As an adjective from c. 1600; with the meaning "suitable for a family," by 1807. Family values is recorded by 1966. Phrase in a family way "pregnant" is from 1796. Family circle is 1809; family man "man devoted to wife and children, man inclined to lead a domestic life" is 1856 (earlier it meant "thief," 1788, from family in a slang sense of "the fraternity of thieves"). Family tree "graph of ancestral relations" attested from 1752.
He was dressed in his best Coat, which had served him in the same Capacity before my Birth, and possibly, might be but little short in Antiquity, to the Root of his third Family Tree; and indeed, he made a venerable Figure in it. ["A Genuine Account of the Life and Transactions of Howell ap David Price, Gentleman of Wales," London, 1752]
1937, coined in the fantasy tales of J.R.R. Tolkien (1892-1973).
On a blank leaf I scrawled: 'In a hole in the ground there lived a hobbit.' I did not and do not know why. [Tolkien, letter to W.H. Auden, dated 1955]
The word also turns up in a very long list of folkloric supernatural creatures in the writings of Michael Aislabie Denham (d. 1859) as an aside to his explanation that those born on Christmas Eve cannot see spirits. Denham was an early folklorist who concentrated on Northumberland, Durham, Westmoreland, Cumberland, the Isle of Man, and Scotland. This was printed in volume 2 of "The Denham Tracts" [ed. James Hardy, London: Folklore Society, 1895], a compilation of Denham's scattered publications.
What a happiness this must have been seventy or eighty years ago and upwards, to those chosen few who had the good luck to be born on the eve of this festival of all festivals; when the whole earth was so overrun with ghosts, boggles, bloody-bones, spirits, demons, ignis fatui, brownies, bugbears, black dogs, specters, shellycoats, scarecrows, witches, wizards, barguests, Robin-Goodfellows, hags, night-bats, scrags, breaknecks, fantasms, hobgoblins, hobhoulards, boggy-boes, dobbies, hob-thrusts, fetches, kelpies, warlocks, mock-beggars, mum-pokers, Jemmy-burties, urchins, satyrs, pans, fauns, sirens, tritons, centaurs, calcars, nymphs, imps, incubuses, spoorns, men-in-the-oak, hell-wains, fire-drakes, kit-a-can-sticks, Tom-tumblers, melch-dicks, larrs, kitty-witches, hobby-lanthorns, Dick-a-Tuesdays, Elf-fires, Gyl-burnt-tales, knockers, elves, rawheads, Meg-with-the-wads, old-shocks, ouphs, pad-foots, pixies, pictrees, giants, dwarfs, Tom-pokers, tutgots, snapdragons, sprets, spunks, conjurers, thurses, spurns, tantarrabobs, swaithes, tints, tod-lowries, Jack-in-the-Wads, mormos, changelings, redcaps, yeth-hounds, colt-pixies, Tom-thumbs, black-bugs, boggarts, scar-bugs, shag-foals, hodge-pochers, hob-thrushes, bugs, bull-beggars, bygorns, bolls, caddies, bomen, brags, wraiths, waffs, flay-boggarts, fiends, gallytrots, imps, gytrashes, patches, hob-and-lanthorns, gringes, boguests, bonelesses, Peg-powlers, pucks, fays, kidnappers, gallybeggars, hudskins, nickers, madcaps, trolls, robinets, friars' lanthorns, silkies, cauld-lads, death-hearses, goblins, hob-headlesses, bugaboos, kows, or cowes, nickies, nacks necks, waiths, miffies, buckies, ghouls, sylphs, guests, swarths, freiths, freits, gy-carlins Gyre-carling, pigmies, chittifaces, nixies, Jinny-burnt-tails, dudmen, hell-hounds, dopple-gangers, boggleboes, bogies, redmen, portunes, grants, hobbits, hobgoblins, brown-men, cowies, dunnies, wirrikows, alholdes, mannikins, follets, korreds, lubberkins, cluricauns, kobolds, leprechauns, kors, mares, korreds, puckles korigans, sylvans, succubuses, blackmen, shadows, banshees, lian-hanshees, clabbernappers, Gabriel-hounds, mawkins, doubles, corpse lights or candles, scrats, mahounds, trows, gnomes, sprites, fates, fiends, sibyls, nicknevins, whitewomen, fairies, thrummy-caps, cutties, and nisses, and apparitions of every shape, make, form, fashion, kind and description, that there was not a village in England that had not its own peculiar ghost. Nay, every lone tenement, castle, or mansion-house, which could boast of any antiquity had its bogle, its specter, or its knocker. The churches, churchyards, and crossroads were all haunted. Every green lane had its boulder-stone on which an apparition kept watch at night. Every common had its circle of fairies belonging to it. And there was scarcely a shepherd to be met with who had not seen a spirit!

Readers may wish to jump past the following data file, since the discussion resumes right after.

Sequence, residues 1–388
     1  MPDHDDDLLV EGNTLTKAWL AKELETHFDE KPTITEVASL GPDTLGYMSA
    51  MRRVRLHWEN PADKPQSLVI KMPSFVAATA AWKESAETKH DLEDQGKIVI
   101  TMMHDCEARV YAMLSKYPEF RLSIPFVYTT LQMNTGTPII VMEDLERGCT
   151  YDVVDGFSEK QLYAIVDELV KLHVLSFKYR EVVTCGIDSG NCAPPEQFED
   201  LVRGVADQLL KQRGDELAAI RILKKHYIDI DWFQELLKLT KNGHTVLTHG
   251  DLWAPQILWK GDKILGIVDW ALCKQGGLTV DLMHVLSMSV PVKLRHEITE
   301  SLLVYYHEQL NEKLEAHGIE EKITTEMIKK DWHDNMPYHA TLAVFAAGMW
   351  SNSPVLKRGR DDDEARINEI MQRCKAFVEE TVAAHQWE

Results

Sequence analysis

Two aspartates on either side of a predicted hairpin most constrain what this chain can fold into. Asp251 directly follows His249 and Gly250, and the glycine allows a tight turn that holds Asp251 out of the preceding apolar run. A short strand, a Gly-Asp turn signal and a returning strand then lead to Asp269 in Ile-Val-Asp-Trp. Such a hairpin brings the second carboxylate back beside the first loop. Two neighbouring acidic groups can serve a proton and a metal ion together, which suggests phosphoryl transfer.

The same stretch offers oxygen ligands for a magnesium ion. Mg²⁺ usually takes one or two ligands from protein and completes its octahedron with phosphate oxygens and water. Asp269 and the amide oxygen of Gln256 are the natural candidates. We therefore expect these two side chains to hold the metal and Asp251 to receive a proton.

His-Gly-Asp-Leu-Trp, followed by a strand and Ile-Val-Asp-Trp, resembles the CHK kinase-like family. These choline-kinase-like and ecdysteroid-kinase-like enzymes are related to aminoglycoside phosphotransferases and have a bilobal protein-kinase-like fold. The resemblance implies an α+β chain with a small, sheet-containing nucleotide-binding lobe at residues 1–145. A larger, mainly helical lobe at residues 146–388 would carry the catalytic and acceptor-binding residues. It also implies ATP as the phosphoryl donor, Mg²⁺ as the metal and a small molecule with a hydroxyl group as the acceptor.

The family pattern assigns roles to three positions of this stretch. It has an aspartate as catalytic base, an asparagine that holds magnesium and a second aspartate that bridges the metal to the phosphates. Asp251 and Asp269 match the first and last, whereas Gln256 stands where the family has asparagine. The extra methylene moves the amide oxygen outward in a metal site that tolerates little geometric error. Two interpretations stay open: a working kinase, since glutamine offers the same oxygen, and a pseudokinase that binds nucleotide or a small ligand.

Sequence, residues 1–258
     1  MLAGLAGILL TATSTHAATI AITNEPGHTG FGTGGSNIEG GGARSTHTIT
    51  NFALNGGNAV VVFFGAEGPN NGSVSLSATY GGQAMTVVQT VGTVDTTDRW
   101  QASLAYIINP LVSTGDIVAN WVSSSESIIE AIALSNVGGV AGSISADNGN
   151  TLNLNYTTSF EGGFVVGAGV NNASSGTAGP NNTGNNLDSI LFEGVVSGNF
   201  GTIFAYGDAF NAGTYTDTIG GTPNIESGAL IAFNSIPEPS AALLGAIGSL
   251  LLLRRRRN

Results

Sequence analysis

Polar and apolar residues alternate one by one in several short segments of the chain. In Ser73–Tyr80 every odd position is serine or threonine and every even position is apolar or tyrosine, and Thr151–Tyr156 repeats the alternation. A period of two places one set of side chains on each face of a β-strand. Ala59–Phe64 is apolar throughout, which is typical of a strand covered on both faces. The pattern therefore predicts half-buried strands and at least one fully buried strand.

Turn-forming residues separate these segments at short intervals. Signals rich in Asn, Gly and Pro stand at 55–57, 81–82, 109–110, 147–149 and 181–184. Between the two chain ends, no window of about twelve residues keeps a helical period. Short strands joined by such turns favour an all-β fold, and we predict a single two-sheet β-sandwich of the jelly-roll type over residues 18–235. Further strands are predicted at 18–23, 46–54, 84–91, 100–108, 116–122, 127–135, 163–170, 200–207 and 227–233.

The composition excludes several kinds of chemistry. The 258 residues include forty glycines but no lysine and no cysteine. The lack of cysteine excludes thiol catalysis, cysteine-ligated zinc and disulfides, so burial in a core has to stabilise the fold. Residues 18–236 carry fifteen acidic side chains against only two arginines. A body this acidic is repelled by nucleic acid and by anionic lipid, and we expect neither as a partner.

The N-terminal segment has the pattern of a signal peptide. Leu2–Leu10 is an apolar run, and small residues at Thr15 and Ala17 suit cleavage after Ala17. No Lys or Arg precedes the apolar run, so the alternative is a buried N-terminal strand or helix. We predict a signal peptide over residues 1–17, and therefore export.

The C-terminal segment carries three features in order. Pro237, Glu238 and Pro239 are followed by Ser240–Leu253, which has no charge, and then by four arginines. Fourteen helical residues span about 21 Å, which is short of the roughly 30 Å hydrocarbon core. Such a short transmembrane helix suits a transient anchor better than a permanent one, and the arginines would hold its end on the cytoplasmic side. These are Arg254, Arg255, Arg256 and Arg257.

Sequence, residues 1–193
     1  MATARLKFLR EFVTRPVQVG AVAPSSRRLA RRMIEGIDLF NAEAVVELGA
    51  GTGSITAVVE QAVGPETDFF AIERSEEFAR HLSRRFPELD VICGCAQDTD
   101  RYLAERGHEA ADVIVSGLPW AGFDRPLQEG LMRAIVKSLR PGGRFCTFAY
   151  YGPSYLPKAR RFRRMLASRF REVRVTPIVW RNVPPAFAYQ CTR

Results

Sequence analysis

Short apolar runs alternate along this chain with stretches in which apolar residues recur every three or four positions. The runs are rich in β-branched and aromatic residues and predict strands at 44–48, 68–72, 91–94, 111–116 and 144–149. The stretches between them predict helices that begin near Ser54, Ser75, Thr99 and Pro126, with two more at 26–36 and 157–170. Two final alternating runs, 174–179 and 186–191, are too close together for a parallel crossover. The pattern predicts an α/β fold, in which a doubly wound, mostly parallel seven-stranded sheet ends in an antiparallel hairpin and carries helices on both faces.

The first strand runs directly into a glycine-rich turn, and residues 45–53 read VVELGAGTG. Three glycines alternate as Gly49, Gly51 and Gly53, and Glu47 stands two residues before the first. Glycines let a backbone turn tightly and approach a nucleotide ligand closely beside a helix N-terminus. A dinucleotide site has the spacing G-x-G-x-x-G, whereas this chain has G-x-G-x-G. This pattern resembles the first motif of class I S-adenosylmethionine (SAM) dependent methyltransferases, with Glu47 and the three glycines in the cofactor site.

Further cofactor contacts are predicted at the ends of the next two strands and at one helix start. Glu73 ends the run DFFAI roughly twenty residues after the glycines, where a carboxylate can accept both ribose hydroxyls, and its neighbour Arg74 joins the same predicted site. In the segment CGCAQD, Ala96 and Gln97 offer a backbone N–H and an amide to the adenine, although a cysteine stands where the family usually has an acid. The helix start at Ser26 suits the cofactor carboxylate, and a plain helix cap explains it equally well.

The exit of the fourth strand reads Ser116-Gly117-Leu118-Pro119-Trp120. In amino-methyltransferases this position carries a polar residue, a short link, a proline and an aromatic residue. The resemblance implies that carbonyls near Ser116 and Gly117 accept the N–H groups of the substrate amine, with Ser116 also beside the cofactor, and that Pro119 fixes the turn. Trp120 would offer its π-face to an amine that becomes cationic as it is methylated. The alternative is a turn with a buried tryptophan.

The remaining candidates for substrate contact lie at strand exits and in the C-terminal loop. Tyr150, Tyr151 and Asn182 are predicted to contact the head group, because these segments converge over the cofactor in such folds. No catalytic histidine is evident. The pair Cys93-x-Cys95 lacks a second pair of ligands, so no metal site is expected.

[Emphasis added] It is curious that the name occurs nowhere else in folklore, and there is no evidence that Tolkien ever saw this. The word also was recorded from 1835 as "a term generally used in Wales to express a quantity made up of four Welsh pecks" [in English court records for Hughes vs. Humphreys, a weights-and-measures case]. Hobbitry attested from 1947.